President Obama hosted the first Demo Day at the White House this year, showcasing work by more than 30 start-up teams of women, minorities, and young people, all underrepresented in entrepreneurship. AP Photo/Andrew Harnik

This article is from the archive of our partner National Journal

Teen pregnancies. School suspensions. Few role models. Girls of color face a host of issues that other girls generally don’t.

White House staff spent Friday meeting with experts to find ways to create more opportunities for this overlooked group.

Senior adviser Valerie Jarrett and the White House Council on Women and Girls hosted an all-day summit to discuss issues such as economic opportunity, school suspensions, hip-hop, STEM careers, and role models.

“Too often, we do not give girls of color positive views of themselves and a positive vision for their futures,” said Jarrett.

The White House is focusing on the issue after taking heat for leaving women out of My Brother’s Keeper, President Obama’s initiative targeting at-risk men of color. Author Alice Walker, actress Rosario Dawson, and activist Angela Davis were among more than 1,000 women who sent a letter last year asking Obama to include women of color in his program.

“The need to acknowledge the crisis facing boys should not come at the expense of addressing the stunted opportunities for girls who live in the same households, suffer in the same schools, and struggle to overcome a common history of limited opportunities caused by various forms of discrimination,” they wrote in the letter to Obama.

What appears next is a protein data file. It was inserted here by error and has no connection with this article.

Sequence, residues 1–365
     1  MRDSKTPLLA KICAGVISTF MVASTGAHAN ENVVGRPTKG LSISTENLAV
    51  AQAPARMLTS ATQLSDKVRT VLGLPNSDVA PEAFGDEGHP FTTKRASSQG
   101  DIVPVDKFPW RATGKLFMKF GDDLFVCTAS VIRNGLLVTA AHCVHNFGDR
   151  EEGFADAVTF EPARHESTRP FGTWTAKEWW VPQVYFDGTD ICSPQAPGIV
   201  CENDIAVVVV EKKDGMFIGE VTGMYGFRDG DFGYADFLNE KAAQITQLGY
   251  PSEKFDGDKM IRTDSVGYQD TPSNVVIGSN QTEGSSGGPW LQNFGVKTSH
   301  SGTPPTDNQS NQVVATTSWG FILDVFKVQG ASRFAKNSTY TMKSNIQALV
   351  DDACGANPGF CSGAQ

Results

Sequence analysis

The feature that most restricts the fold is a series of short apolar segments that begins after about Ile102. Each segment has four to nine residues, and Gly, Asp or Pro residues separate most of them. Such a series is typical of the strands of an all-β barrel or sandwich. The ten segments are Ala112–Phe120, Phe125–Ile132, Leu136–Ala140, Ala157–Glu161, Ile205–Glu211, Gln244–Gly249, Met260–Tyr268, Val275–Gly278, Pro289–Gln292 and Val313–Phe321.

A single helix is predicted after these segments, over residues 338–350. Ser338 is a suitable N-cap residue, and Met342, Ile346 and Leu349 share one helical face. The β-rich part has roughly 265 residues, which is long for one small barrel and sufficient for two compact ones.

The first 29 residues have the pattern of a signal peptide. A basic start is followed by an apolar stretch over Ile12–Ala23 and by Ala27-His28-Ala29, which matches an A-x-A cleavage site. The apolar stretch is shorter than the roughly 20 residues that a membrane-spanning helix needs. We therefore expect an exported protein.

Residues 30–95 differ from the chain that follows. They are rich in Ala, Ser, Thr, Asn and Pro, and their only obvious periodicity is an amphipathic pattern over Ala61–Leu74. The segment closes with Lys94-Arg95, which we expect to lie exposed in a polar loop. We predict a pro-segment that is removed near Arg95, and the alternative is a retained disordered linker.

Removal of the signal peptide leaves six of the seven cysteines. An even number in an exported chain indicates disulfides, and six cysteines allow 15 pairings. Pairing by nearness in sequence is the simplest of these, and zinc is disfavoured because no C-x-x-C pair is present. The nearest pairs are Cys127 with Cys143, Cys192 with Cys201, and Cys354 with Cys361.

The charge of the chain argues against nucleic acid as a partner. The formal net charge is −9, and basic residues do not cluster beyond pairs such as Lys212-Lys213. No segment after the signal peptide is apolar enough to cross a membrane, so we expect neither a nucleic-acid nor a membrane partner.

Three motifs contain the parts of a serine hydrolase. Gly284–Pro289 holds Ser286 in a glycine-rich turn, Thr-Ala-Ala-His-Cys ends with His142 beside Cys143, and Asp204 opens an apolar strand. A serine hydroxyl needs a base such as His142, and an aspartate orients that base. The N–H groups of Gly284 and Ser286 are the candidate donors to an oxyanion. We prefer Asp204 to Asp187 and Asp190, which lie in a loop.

During Friday’s conference, the White House announced that $118 million had been raised to support programs that close the opportunity gap for women of color. Independent foundations pledged $100 million for a five-year program to improve their economic prosperity. Another $18 million was promised to fund academic research on women and girls of color.

Of all the barriers women of color face, here are the top five the White House is trying to tackle:

1. Excessive student suspensions

Girls of color are suspended at school at a disproportionately high rate, according to the Department of Education. Black girls are suspended at a rate of 12 percent—more often than girls of any other race and more often than white boys. Repeated suspensions often affect a student’s academic success and likelihood of dropping out of school.

What the White House is doing: The Department of Justice and the Department of Education have been pushing back against zero-tolerance disciplinary policies, instead urging schools to adopt alternatives to suspension.

2. Juvenile arrests

Girls of color make up a growing share of juvenile arrests these days. About 32 percent of girls detained and committed are black, even though they make up only 14 percent of the United States population, according to the Office of Juvenile Justice and Delinquency Prevention. Native American girls are only 1 percent of the general population, yet make up 3.5 percent of girls who are detained and committed. Skipping school and running away from home are the most common reasons girls are arrested—behaviors that are also symptoms of trauma and abuse, researchers say. Once in the system, girls are often treated as criminals instead of children who need support, keeping alive a vicious cycle known as the “sexual-abuse-to-prison pipeline.”